“He was to succeed me as the Solicitor-General a few years later, a much deserved reward for a model public servant imbued with industry and faithfulness.

“He was never afraid to offer unfavourable and contrary views to prevailing and popular interpretations of the law.”

Reminiscing about him, former Chief Justice Daniel Fatiaki said: “He was thoughtful and deliberative, not one to rush to conclusions and recognised his own limitations.

He was always careful with his advice and his work was almost always correct in his assessments of the law and the strength of his cases.” Former High Court judge and colleague Gwen Phillips, who worked under Mr Nand, remembered him fondly.

“There was not a corrupt bone in his body!

That was the thing about Mr Nand – we trusted him.

“No hidden agendas? It was rare at the time and in our country,” she said.

Echoing Ms Phillips, senior lawyer Hamendra Nagin, who is the principal of Suva law firm Sherani, remembers Mr Nand as “ethical, hardworking and honest” and intellectually versatile.

While his appearance of haughtiness could sometimes irritate colleagues, they respected and admired Mr Nand’s integrity, diligence and intellect. He was a stickler for punctuality and orderliness.

This was reflected in his dress and demeanour – suave, well cut suits and ties with matching pocket squares.

Following his dismissal from government in 2006, Mr Nand took up an appointment at USP, initially lecturing in commercial law and eventually being promoted to head of the law school.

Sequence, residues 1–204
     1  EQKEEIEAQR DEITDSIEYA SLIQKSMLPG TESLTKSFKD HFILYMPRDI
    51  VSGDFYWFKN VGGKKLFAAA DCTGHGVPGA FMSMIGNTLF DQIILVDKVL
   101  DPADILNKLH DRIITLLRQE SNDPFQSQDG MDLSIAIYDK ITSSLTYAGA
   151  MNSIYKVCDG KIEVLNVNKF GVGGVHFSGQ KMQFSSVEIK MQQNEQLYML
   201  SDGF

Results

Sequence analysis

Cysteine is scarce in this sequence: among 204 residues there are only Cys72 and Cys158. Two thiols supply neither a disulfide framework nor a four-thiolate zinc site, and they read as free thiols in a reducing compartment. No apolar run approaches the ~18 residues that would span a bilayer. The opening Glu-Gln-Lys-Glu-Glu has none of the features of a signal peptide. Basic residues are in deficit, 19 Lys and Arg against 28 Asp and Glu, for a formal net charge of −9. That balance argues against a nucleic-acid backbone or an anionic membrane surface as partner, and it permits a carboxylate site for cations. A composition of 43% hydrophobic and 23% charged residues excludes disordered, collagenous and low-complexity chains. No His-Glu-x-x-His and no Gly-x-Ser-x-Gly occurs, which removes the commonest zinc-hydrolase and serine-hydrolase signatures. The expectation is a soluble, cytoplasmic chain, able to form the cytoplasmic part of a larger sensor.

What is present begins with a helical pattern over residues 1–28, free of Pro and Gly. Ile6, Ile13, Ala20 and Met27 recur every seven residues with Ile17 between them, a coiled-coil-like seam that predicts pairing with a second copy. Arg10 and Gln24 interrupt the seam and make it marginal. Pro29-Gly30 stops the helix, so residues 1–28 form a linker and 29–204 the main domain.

Scores of young lawyers will remember his gentle chiding in the courses he taught.

Mr Nand played a critical role in the development of the Professional Legal Training programs (PLT) at the USP law school, and in June 2021 was appointed the director of the program.

He was the acting head of the School of Law in 2020.

Over the past six years he was responsible for strengthening practical legal training in the Solomon Islands, Samoa and Vanuatu.

A USP colleague Nancy Tikoisuva said: “The most significant characteristic I found in him was his generosity, his knowledge, love of a good red wine and a healthy debate on topical issues.

He was also very approachable despite his stern look, once he laughs or smiles or in good company, he is on a roll with his banter.”

A young lawyer Joeli Naivalu, who was one of his students said, “He was just full of knowledge and knew how to transcend that across all races and ages.”

He was the co-author of a legal text, Judicial Review Applications in Fiji, and has published widely in various journals.

A fanatical supporter of English football, Mr Nand loved nothing better in his spare time than his regular grog session with his close friends, many of whom were lawyers.

In those sessions he would regale them with his many stories drawn from his long experience in the law and the people he had encountered.

On the serious side, he was ready to offer a considered opinion on recently decided cases that had come before the courts.

Had he chosen to side with those who had removed the elected government, Mr Nand could have handpicked any legal job in government he wished, but being a man of principle, he was resolute in his opposition to the 2006 coup, indeed all of Fiji’s coups d’état.

Mr Nand would wish to be remembered as a lawyer who stood up for the rule of law, and paid the ultimate price for doing so.

He belonged to a diminishing generation of Fiji lawyers for whom the love of the law and justice transcends fame, power and material wealth.

He is survived by his wife Vineeta (nee Maharaj), sister Yvonne, and mother Suriya who lives in London.


  • GRAHAM LEUNG is a Suva lawyer and worked with Nainendra Nand in the Crown Law Office which later became known as the Attorney-General’s Chambers. The views expressed in this article are not necessarily those of The Fiji Times.